Monday, January 17, 2011

POLICE REVIEW: Resigning board member Weinberg pens inside scoop

COLUMBIA, 1/17/11  (Beat Byte) --  Veteran investigative journalist Steve Weinberg (left) has penned an eye-opening account of his controversial tenure on the Columbia Citizens Police Review Board (CCPRB), published just seven days before he announced his resignation from the board. 
"I would never have guessed that I would end up as the center of controversy—not in my usual role as an investigative journalist, but in my insider role as a commission member," Weinberg writes in the January 6 issue of The Crime Report, a news magazine of the Center on Crime, Media, and Justice. 

Rhetorically wondering why he applied for a volunteer job where he was sure to make enemies, "many of whom wear badges and carry guns," the 27-year Columbia resident partly cites civic duty.  "Police-community relations had soured—mostly, but not exclusively, in African-American residential areas—and I wanted to help improve the status quo." 
He also wanted to "experience governance as an insider." 
About the board's first case—a California (state)-based complaint regarding a well-publicized 2010 Columbia police SWAT raid—Weinberg says he "agreed the raid had been mishandled" and that "lack of a local complaint did not bother me, but it did bother some of my colleagues."

He then explains his "deciding vote in an otherwise evenly split board" against police officer discipline.   
"Sure, after viewing the video released by the police I wanted to discipline SWAT team members. But we possessed no independent corroborating investigative reporting background told me we could not clearly establish violations of existing police policy based solely on the video, nor could I identify which helmeted police officer committed which acts.  I reluctantly voted against discipline for individual officers...."   
A different complaint Weinberg characterizes as "more satisfying," his investigative reporting skills helping sway the board.  After a local bartender complained he'd been roughed up by a Columbia police officer, police chief Ken Burton ruled "he could not find enough information to determine the truth, so would not discipline the officer."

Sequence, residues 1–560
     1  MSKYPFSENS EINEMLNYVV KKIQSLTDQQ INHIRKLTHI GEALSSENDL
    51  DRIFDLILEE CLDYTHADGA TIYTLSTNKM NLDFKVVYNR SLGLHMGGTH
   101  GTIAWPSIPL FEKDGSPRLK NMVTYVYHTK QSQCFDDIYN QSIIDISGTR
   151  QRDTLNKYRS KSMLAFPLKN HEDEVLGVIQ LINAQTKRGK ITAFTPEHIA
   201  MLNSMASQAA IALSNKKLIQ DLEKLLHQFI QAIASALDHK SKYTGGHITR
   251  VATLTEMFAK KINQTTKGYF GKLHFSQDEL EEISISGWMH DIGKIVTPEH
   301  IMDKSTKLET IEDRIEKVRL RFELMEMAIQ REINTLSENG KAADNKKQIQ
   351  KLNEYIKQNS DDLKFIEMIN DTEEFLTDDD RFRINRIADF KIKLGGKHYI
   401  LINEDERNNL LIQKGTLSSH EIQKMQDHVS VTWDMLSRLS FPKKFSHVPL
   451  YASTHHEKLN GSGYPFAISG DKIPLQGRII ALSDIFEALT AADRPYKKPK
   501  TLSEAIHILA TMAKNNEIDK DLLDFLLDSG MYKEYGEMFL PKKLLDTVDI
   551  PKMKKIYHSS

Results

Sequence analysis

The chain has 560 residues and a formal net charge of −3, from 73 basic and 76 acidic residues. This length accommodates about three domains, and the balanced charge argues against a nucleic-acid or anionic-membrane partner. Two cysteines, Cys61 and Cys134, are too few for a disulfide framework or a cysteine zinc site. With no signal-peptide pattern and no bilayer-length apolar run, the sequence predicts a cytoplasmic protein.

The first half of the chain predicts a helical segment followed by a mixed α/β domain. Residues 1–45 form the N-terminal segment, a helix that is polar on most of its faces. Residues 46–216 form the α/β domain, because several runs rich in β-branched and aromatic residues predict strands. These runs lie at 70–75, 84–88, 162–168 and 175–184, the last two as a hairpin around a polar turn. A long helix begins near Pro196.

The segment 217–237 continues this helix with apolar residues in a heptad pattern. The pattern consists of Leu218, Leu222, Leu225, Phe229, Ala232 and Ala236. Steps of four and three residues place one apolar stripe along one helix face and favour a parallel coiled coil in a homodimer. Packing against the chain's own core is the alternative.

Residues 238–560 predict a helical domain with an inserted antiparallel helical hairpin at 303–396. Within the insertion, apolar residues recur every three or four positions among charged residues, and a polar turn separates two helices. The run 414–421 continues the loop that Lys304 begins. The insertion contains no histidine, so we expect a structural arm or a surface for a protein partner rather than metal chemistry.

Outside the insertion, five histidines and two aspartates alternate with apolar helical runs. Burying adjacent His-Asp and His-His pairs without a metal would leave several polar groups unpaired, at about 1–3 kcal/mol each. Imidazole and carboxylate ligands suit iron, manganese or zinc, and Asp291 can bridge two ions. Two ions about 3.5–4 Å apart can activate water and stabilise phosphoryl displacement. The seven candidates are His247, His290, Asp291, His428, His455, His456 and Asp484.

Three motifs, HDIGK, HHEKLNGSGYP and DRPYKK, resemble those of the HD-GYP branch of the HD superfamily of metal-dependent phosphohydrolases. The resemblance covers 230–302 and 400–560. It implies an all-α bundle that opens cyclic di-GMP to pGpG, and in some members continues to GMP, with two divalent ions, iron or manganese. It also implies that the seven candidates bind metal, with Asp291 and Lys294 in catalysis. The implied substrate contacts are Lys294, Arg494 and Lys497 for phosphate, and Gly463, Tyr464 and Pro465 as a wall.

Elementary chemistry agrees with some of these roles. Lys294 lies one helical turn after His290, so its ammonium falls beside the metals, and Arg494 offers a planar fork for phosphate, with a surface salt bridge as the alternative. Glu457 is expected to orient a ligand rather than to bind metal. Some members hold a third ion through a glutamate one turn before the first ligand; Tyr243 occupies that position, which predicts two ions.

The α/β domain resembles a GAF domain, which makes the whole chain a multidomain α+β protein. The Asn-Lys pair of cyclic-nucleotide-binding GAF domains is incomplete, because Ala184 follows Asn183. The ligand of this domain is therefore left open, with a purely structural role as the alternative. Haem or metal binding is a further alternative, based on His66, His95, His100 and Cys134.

Weinberg says he "helped guide my colleagues through an independent fact-finding process.  Eventually, I felt confident we had collected enough solid evidence to recommend the officer be admonished for use of excessive force. Two of my colleagues disagreed, but I carried a substantial majority. My evidence-gathering and the conclusions I drew from the evidence seemed to influence at least some of the others constituting the majority."
Burton and members of the police officer's union "disagreed with the ruling, spewing harsh language in public," Weinberg notes.  "I could have ignored the lashing out, but I felt the incendiary language caused harm to the nascent Citizens Police Review board process.  So I employed my journalism training to shed light as well as heat." 
Ultimately, Weinberg writes that he was, "pleased that I had decided to cross a professional line the day I applied to serve on the Citizens Police Review Board.   I recommend that other journalists do the same, with the caveat that those journalists should not be involved in local coverage of law enforcement."     

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